Congressional Republicans . . . some Republican governors . . . .

There is, of course, always political danger in such brinksmanship. Real people suffer the consequences.

Is there an echo in here?  Here’s how the liberal New York Times closed its editorial last week:

The political opponents of Obamacare seem to think this fight is about ideology. What they refuse to acknowledge is the human toll and the economic devastation that destroying the heart of health reform will bring about.

Were they equally concerned about the consequences that Obamacare inflicted on real people, when Obamacare reduced people like me to part-time employment or unemployment?

4 Responses to “Things You Hear on NPR: Forget about Legislative Intent, Let’s Get Back to Bashing Republicans”

  1. Snoodickle Says:

    I agree that the Gruber quote is very intriguing; he presumably got that notion somewhere – was it the text of the law? But turning to the issue of federalism, the National Review story you quote predictably misses the point.

    The real federalism issue here is that , as Justice Kennedy and Justice Kagan pointed out, if the challengers’ interpretation is adopted, the meaning of the law will amount to unconstitutional coercion of the states. Think about it, would a state really refuse to set up an exchange if there were a legitimate possibility that it would send its insurance market into a catastrophic death spiral?

    Given this serious constitutional question, the doctrine of constitutional avoidance would countenance adopting the defenders’ position if it is in any way plausible – which of course it is. Moreover, as Justice Kagan pointed out, if Congress really intended to coerce the States into setting up exchanges, and thus upset the normal balance of federal-state relations, they would have been unmistakably clear in such intent, and not buried such mechanism in a four word passage ensconced deep within the law.

    I would submit that the National Review article you quote is just as egregious as the NPR segment in its misrepresentation of real issues at play in this case.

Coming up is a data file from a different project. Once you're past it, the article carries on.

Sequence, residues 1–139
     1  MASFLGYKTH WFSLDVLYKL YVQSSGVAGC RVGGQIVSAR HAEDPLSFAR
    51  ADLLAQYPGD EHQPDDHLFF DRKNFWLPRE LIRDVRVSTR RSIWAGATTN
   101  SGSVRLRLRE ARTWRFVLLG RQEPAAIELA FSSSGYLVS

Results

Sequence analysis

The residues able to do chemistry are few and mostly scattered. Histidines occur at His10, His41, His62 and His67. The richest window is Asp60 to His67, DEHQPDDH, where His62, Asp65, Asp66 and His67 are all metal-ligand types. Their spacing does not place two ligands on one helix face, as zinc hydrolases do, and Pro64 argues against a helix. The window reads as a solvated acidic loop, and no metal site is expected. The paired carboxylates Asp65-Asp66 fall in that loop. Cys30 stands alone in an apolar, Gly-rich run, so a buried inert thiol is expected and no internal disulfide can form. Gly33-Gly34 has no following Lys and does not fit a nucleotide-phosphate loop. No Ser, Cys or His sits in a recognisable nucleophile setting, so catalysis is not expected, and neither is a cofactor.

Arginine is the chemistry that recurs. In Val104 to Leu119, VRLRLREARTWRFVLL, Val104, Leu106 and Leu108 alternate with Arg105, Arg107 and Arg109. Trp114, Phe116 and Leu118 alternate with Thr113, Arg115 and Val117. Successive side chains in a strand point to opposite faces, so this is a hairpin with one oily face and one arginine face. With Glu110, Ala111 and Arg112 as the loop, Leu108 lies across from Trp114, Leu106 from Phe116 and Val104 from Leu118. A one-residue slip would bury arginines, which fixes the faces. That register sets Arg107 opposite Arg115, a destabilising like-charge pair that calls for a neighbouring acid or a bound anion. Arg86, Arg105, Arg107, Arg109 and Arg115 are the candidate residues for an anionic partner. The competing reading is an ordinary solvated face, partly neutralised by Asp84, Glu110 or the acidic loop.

• “four word passage ensconced deep within the law”? I think even NPR keeps saying that it’s six words and appears ten or twenty times in the law. (Anything looks deeply buried when the law is a pile a thousand pages deep…)

      Obviously I disagree with your assessment that the NR editorial is beside the point, but that’s beside the point.

      I think part of the problem with the framework you suggest is that what you imply are differences in kind are actually differences in degree, and it’s arbitrary what degree you consider the cut-off point. How coercive is too coercive? I think the courts should consider the very existence of programs like Medicaid an unwholesome and unconstitutional corruption of our republican form of government (which, I know you know, the Constitution guarantees to every state), but obviously that’s not our jurisprudence. How clear is clear enough? “if Congress really intended to coerce the States into setting up exchanges, and thus upset the normal balance of federal-state relations, they would have been unmistakably clear in such intent”—I think the meaning of the words is plenty clear enough as written; you just don’t like the meaning, so you call it ambiguous.

      • Snoodickle Says:

        I was thinking “established by the State” was the operative language. I never said I could count!

        Justice Kennedy seems to think it is too coercive.

        You won’t like it either if the Court adopts the challengers’ position. Ohio is a federal exchange state, meaning that our insurance markets could fall into chaos.

      • Arguably Obamacare has already thrown a lot of our system into chaos. Arguably Congress will have to resolve some of the chaos with further legislation at some point, regardless of the outcome of this case.